“God bless you in the moments of time when no one sees you, because those make up the bulk of the hours,” North American Division president Dan Jackson told attendees of the 2018 NAD Teachers’ Convention. [Photo: Dan Weber, North American Division News]

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Teachers’ Convention Closes with Rededication to the Calling

North American Division president invites teachers to trust God fully.

“We need to be anointed. We need God’s Spirit to rest upon our heads as we walk into those classrooms,” said Larry Blackmer, vice-president of education for the North American Division, during the anointing service on the final day of the 2018 North American Division (NAD) Teachers’ Convention in Chicago, Illinois, United States.

“I think today is one of those days we can celebrate. That we can look back on what’s happened in our ministry. We can look forward to what God is going to do in our classrooms,” said Blackmer.

A Ceremony of Dedication

Approximately 250 educators participated in the 6:30 a.m. anointing service. Sam Leonor, chaplain of La Sierra University, who was also the convention’s featured devotional speaker throughout the four-day event, delivered the early-morning message at the special service.

Before the anointing service at the NAD Teachers’ Convention, a group of teachers gathered at 6:00 a.m. to pray for participants of the special service. [Photo: Dan Weber, North American Division News]

Leonor took participants through the history of anointing. He shared how it originated with shepherds placing oil on their sheep’s heads to repel disease-carrying flies. The oil was also used for medicinal purposes for sheep if they became sick.

Leonor went on to say that anointing with oil eventually became used to set someone a part for a specific mission or purpose.

“What is this purpose?” Leonor asked the teachers at the ceremony. “It’s big. There are lives entrusted to your care. You have been called for something really significant.”

While no oil was present at this anointing, a room full of dedicated teachers prayed for the Holy Spirit to lead and guide in individual hearts, homes, classrooms, and campuses. The teachers broke into groups of six to pray for each other, and to be prayed over by pastors and elders who joined their prayer circles.    

“There is no partial anointing, halfway anointing. When we’re set upon this service of God, we give God everything,” said Leonor. “This is a whole being anointing. I’m dedicating myself to you, God. Everything I have is yours.

Eyes Wide Open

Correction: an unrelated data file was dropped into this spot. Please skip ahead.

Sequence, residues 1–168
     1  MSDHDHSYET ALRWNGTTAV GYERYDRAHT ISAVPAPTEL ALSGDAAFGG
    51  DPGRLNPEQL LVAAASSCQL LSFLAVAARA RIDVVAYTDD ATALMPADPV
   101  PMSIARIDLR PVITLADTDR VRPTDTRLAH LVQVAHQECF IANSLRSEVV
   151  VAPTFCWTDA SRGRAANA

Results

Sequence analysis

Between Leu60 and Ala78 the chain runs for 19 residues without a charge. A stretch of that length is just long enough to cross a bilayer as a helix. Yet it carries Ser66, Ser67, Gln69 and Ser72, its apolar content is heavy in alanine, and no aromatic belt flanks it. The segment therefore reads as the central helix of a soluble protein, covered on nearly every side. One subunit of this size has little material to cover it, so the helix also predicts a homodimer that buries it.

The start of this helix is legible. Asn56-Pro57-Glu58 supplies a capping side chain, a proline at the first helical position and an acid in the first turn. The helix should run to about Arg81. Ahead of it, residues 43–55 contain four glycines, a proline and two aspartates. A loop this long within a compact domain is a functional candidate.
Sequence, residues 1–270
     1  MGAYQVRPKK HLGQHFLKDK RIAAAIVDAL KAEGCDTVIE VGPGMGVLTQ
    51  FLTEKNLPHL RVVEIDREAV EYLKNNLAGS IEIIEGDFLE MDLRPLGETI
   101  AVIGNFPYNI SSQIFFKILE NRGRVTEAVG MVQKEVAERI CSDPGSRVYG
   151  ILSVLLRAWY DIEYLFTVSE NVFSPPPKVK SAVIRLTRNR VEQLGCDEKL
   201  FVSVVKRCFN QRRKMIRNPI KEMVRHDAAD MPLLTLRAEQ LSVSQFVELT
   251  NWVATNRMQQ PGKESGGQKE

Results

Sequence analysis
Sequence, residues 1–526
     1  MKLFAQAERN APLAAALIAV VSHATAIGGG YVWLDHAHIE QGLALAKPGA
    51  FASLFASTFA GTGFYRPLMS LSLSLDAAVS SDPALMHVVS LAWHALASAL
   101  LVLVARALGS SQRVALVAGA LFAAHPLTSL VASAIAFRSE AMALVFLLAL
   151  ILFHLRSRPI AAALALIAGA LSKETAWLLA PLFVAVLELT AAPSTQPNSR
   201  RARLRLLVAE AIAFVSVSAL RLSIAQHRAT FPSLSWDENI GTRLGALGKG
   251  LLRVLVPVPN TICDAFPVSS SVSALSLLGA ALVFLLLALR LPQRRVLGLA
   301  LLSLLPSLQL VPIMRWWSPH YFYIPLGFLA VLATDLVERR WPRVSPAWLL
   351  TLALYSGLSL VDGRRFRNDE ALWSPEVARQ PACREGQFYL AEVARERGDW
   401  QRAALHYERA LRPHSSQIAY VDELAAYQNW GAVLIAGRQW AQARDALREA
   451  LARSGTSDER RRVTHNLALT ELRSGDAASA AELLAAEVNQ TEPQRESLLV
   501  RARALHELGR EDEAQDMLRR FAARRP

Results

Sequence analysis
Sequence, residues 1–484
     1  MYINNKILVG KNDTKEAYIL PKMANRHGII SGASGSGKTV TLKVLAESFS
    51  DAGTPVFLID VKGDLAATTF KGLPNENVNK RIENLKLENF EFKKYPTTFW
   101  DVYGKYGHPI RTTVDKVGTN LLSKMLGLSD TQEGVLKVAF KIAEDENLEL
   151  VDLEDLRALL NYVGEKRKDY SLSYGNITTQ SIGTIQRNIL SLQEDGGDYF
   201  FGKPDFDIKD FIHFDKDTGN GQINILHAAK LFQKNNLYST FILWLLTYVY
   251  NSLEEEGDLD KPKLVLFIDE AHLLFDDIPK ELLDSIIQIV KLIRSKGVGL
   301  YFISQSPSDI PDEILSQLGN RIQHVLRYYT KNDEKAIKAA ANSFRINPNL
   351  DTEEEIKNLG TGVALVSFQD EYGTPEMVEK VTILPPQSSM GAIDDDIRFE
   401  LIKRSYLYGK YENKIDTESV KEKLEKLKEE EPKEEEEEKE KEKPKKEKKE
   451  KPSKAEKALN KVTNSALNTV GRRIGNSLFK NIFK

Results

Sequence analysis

After the final breakout sessions of the convention, NAD president Dan Jackson spoke for the commitment service.

“I do thank you, on behalf of the NAD, for the work you do,” said Jackson. “It can sound so patronizing, but I do thank you. God bless you in the moments of time when no one sees you, because those make up the bulk of the hours.”

Jackson’s message was based on a passage from the Bible book of 2 Kings (6:13-23), which tells a story from the life of Elisha. The passage describes the time when the nation of Aram was at war with Israel. Whenever the king of Aram planned an attack, God told Elisha where the attack would take place, and then Elisha would alert the king of Israel. This happened enough times that the king of Aram wanted to take Elisha captive. When the Aramean army was sent to find him, Elisha was able to see that an army from heaven had been sent to protect him and the nation of Israel, but the army could not be seen by others. He had to pray for his accompanying servant’s eyes to be opened to the sight.

“Don’t be afraid,” the prophet said. “Those who are with us are more than those who are with them” (2 Kings 6:16).

Seeing as God Sees

Jackson presented three observations from this passage. He first remarked, “It is only a miracle of God’s power and gracious intervention in our lives that enables us to see into the spiritual world — that is, to see as God sees.”

“Unless God opens our eyes, the thing we may see is the relentless pressure that comes with the morning — how much work we must do, our own ineptness, our own inabilities. We may look at the board, the students, the constituencies. We may want to throw up our hands, but we do not see what God sees.

“God’s realities are different from my realities,” said Jackson as his second observation. “Our vision is dim because we fixate upon human limitation, human errors, human problems.

“We pray to God, we appeal to him, ‘Here is what I need, here is what I want, please help me fulfill my dream,’” said Jackson. “We don’t understand that the moment we pray that prayer, the answer is on its way. It may not get to us in the package that we want, but in God’s great, calm eternity, He has an answer, and He knows.”

In his final observation Jackson said, “When we place ourselves at the center of God’s reality, we place ourselves in the center of God’s power.

“No matter how daunting the circumstances, regardless of the overwhelming odds, whether outnumbered, out-maneuvered, out-planned, out-classed, or out-strategized, those who are with us are more than those who are with them,” said Jackson.

While teachers must juggle many factors and uncertainties when it comes to education, Jackson reminded them, this is one constant they can always count on, both inside and outside of the classroom.

“As you go back to your place, whenever that will be, may you go with the knowledge that a good and gracious God is on your side, that He sees the things you see,” said Jackson. “And that if you and I will allow ourselves to be taken into the palm of His hand, He will guide us to joy.”


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